FACETOFACE with Noel Thompson; Music Much in the Mind amid All the Questioning

The News Letter (Belfast, Northern Ireland), May 15, 2006 | Go to article overview

FACETOFACE with Noel Thompson; Music Much in the Mind amid All the Questioning


NOEL Thompson is far too interesting to waste time talking to about politics. Besides, how do you question the question master? Much safer, easier and enjoyable to find out what the face of BBC Northern Ireland politics gets up to when the studio lights go out.

There's the 19th century French poetry, the choral music, the 17th century history and the time he jacked in his job at the BBC and headed off around the world for starters.

Belfast-born Noel seems to find more hours in the day than most people. Despite his huge commitments to presenting BBC Newsline four nights a week and then Hearts and Minds every Thursday, he regularly performs in the Castle Ward Opera Society, strums his guitar and has taken up the piano.

It's a different keyboard than most journalists are used to, and the Cambridge graduate admits he's only dabbling.

"I played the piano when I was nine but was useless,' he says. "My wife wanted to learn the piano and we bought one last Christmas and I have been playing half-an-hour a day since.''

He leaves to get coffee and sings to himself in the kitchen. He is renowned around Broadcasting House for his unofficial soundtrack.

"Music is part of the fabric of my life,' he says. "I do something every day. I sing all the time. People round the BBC say they know it's me before they see me because they can hear me coming.

"Music is how I unwind. It's something I have always done. I'm a half- decent chorus singer. It's not about achievement " it's about being part of something else.''

He is part of a quite significant something else. For 20 years, he was in the Belfast Philharmonic Society and now makes do with appearing for the Castle Ward Operatic Society.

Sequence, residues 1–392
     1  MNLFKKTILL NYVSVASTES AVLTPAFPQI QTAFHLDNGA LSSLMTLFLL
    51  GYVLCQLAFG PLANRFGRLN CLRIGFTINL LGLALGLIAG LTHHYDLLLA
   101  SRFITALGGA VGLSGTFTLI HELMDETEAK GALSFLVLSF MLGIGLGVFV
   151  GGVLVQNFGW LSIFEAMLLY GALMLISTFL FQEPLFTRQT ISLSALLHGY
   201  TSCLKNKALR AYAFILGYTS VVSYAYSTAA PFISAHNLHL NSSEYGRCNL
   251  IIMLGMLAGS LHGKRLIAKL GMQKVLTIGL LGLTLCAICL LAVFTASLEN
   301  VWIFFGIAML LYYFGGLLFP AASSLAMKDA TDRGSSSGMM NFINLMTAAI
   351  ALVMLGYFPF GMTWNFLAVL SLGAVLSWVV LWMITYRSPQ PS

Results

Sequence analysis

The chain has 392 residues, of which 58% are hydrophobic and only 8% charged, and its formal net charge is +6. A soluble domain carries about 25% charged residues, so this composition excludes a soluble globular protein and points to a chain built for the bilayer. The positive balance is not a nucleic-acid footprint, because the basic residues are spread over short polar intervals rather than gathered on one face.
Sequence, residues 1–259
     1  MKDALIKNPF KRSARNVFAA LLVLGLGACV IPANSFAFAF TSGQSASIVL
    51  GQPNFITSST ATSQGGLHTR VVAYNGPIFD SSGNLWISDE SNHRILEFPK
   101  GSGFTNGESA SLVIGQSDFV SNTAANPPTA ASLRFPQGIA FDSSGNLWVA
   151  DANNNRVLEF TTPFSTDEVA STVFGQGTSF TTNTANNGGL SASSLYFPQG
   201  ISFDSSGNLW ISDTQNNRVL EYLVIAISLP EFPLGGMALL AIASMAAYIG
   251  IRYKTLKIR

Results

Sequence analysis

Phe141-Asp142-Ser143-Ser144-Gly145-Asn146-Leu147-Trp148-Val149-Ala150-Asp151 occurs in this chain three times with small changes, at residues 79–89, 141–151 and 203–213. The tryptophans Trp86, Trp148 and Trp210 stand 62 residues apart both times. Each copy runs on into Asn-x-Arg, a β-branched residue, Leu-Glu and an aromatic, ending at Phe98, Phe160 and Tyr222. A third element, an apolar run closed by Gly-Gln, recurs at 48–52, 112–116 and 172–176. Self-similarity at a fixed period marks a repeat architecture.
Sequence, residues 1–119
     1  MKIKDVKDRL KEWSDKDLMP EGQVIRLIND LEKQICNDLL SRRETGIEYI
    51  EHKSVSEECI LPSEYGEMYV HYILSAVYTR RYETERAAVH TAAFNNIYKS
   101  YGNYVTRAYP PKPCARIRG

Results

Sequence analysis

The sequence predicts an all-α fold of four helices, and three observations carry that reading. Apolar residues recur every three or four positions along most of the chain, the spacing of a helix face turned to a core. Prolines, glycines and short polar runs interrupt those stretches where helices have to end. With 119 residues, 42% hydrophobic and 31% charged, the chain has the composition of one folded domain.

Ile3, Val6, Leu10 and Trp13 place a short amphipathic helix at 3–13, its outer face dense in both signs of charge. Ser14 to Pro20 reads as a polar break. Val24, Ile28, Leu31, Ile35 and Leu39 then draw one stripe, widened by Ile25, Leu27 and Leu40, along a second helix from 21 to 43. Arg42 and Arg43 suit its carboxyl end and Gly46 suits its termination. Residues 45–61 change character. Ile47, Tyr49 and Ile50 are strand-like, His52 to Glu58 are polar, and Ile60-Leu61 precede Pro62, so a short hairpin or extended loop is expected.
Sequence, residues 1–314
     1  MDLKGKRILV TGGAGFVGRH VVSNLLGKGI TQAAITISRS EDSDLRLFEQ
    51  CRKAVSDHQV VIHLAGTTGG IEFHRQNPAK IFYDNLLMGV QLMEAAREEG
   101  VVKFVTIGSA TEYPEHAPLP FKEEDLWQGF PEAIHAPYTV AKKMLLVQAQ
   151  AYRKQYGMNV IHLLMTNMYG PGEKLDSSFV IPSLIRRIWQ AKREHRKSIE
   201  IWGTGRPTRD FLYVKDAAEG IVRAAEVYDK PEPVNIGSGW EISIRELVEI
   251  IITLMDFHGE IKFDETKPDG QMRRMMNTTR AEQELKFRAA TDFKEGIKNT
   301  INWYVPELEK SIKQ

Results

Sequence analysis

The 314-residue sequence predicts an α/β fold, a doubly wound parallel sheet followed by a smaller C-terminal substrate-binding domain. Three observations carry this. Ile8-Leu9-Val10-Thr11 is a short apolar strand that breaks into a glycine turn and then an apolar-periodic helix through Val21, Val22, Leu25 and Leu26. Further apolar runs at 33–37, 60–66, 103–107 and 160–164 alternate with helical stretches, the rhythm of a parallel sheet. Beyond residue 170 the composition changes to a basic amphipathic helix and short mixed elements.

"It's my 10th year as a member. It's fantastically enjoyable but hard work at times,' he says.

"There's a big commitment for two-and-a-half months. From the start of the year, there's rehearsals and then, into April, the musical director will come along and whip us into shape and then there are the 14 or 15 performances at Castle Ward.

"For all of us, it's a big commitment, trekking down there at the end of a day's work.''

If he ever lost the passion for journalism, Noel would definitely like to branch out into music in some way.

"One of the lovely things about my job now is I try to do a little work with the BBC music department. I get to be beside the best musicians in the world,' he says.

"I have been five feet from the likes of Barry Douglas.

"You get these amazing opportunities to see these people up close. To be around all these talented people is so uplifting. It's fantastically exciting.''

He is similarly passionate about other aspects of his life. His latest yen for history came out of a discussion with his brother.

"I'm very fond of history. I have been trying to read factual books instead of novels. I have been reading about the Stuarts in the 17th century.

"My brother and I were having a discussion when he was over one July. …

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